I was a Live Exhibit at the Smithsonian National Air & Space Museum Dulles Annex, Udvar-Hazy Center,
March 25, 2006

Thursday, June 21, 2007

Blue Sky Report, Saturday 6/16/07

With temps forecast to 82 on Saturday and 94 on Sunday, I declared Saturday my flying day for the weekend. South winds sent me down to Blue Sky for a bit of towing. On the way down I found myself in caravan with Chris Donahue, having merged together where the I-95 HOV lanes end. Besides Chris D., others at the park included Peter Kain, Chris Cioffi, Tom, Craig, Mike, Andrew, and even Jim Carrigan getting to fly for his own amusement. Joe is flying the tug this summer, giving Jim a bit more freedom in his days.
We had a lot of overcast, so not a lot of workable lift. Peter did scratch hard to get over a half hour off of an early afternoon AT. That was FOTD for the Park.
For my part, I started with a truck tow... in the sinky air only got to about 750 feet. That was a pleasant sled.
Later in the afternoon, Joe pulled me up behind the beautiful white BlueSky dragonfly. He looked hard for something nice to drop me in, but not much was available. There were a couple of bumps over the gold course, but nothing I could work successfully.
Pleasant flights, good clean landings, and a good friendly crowd - a successful flying day.
I avoided I-95 traffic no the way home, coming up 301 into MD. Very pleasant drive, with no where near the hassles of the Interstate, at least until the Capital Beltway. Once more, I noted that the least expensive gas was on the Virginia side of the river, near the Nice bridge on 301 - $3.79. As soon as I crossed into Maryland, the price jumped to $3.99. Dang!

Sunday, June 10, 2007

Flying High Rock, June 9, 2007

My log book tells me I had not flown High Rock since the High Rock Fly-In on August 17, 2005. That is way too long to be away from such a great flying site. Weather, schedules, complications of life, Presidential TFRs around Camp David; many reasons had kept me away from the Rock. But the Rock, and Ms. Emma Jane and Harry had been in my thoughts, especially as we got word of Harry's medical problems the past couple of years.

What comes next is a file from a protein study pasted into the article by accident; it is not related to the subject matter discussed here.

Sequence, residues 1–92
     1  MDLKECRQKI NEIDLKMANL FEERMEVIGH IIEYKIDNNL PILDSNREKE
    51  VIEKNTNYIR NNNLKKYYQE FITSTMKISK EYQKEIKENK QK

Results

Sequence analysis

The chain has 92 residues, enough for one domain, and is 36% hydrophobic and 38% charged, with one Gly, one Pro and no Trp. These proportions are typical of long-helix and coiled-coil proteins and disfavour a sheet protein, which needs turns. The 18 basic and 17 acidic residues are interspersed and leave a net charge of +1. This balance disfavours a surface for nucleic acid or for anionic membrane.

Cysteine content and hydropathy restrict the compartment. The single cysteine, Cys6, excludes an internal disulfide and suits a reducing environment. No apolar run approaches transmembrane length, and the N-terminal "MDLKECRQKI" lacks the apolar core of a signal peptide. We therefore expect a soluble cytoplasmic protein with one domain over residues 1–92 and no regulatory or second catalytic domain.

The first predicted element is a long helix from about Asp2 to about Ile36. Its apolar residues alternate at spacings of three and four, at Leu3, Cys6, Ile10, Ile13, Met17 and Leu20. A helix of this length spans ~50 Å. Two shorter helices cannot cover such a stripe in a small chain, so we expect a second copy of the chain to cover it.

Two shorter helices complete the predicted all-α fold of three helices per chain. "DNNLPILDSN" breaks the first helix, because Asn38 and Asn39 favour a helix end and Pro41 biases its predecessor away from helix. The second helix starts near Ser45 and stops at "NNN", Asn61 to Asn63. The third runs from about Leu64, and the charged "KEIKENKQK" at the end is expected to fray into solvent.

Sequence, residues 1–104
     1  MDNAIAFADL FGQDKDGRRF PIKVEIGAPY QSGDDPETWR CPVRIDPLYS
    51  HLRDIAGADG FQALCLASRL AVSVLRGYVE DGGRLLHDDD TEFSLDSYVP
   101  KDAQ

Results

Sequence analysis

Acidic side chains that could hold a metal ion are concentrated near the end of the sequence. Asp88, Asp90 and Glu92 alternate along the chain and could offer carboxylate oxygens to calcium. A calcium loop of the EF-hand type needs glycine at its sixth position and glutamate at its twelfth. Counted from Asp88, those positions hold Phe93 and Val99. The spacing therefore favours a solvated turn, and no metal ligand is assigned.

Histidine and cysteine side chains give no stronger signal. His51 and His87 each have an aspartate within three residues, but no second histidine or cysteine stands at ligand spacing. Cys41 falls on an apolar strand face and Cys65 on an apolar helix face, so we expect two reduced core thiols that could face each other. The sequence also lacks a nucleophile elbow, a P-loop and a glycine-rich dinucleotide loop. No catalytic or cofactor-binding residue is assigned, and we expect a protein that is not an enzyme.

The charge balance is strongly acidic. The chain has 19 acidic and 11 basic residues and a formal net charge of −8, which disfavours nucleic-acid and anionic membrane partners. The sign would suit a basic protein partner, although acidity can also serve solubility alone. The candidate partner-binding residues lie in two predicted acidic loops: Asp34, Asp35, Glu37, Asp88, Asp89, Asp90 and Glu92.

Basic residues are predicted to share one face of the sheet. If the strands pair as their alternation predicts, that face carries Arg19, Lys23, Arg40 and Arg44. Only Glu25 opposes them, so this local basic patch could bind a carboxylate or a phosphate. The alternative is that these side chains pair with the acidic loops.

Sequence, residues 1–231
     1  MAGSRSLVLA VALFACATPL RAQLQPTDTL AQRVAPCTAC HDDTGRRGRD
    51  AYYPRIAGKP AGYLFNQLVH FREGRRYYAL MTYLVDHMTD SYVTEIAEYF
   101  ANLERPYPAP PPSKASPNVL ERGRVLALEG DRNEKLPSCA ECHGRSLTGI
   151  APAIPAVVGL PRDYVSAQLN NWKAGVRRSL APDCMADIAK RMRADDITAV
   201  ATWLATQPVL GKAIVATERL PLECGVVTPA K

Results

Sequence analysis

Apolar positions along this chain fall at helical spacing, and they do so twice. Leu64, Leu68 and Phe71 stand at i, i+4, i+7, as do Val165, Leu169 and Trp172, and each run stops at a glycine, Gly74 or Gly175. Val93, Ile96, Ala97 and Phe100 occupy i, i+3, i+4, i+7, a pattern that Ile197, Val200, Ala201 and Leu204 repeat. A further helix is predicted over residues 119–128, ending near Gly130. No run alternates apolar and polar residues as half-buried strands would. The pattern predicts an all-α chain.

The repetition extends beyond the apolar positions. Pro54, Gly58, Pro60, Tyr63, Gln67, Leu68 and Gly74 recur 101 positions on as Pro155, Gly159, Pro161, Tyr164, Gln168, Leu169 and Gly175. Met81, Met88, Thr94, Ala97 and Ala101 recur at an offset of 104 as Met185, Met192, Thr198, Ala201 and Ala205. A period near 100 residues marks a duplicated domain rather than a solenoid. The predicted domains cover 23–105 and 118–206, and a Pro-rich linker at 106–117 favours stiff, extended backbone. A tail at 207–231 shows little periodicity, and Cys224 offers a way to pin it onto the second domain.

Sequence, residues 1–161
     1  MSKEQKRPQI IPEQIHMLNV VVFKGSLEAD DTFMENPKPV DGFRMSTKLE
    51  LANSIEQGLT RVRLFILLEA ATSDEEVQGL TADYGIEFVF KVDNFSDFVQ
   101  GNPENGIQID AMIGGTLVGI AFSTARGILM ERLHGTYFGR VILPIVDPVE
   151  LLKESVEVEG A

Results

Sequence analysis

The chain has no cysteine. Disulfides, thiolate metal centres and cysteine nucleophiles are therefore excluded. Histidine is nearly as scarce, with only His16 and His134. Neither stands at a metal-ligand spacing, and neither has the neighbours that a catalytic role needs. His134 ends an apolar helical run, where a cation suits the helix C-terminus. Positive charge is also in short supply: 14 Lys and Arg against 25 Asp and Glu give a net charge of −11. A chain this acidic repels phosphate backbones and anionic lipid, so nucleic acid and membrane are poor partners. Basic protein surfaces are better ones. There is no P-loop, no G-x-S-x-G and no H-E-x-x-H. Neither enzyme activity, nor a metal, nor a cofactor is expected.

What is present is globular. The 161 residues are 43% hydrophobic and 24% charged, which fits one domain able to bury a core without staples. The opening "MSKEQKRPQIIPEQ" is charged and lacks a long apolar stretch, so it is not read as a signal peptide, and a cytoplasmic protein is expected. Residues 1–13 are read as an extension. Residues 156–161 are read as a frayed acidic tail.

After Emma Jane lost Harry last month, I was able to visit with her twice. That helped me, and I hope it helped her. Then, last week the forecast was looking like a doable, if not great, HR day coming up. Many of us wanted to fly there, even if conditions worked out only as marginal, to be able to support Emma. Janni P. urged us on to turn it into a full gathering. He had the right idea, and many of the local pilots not tied up with the ECC over at Ridgely met up to fly and socialize together and with Emma.
I arrived at launch after 1:00, just in time to watch Janni leap into the sky, joining 3 others already airborne. While I set up, he and two of them found a sink cycle, but Dennis S. just got higher. With Matthew's urging to show him where the lift was, I led the second charge at about 2:40. Sure enough, I quickly made it to 400 over at the rock pile, then moved to the north, chasing Dennis. I found my big one for the day, reaching 1400 feet over launch. Matthew, Bunkhouse Bob, and a couple of others followed me, but for about 15 minutes I had top of that stack (I'm still not counting Dennis). Then, somehow, I sank back to 500 over, and Matthew and another pilot caught the good one. For 10-15 minutes Bob and I vied for low man honors, but always between 300 and 500 over. We kept a good eye on each other, working pretty close together up and down the ridge.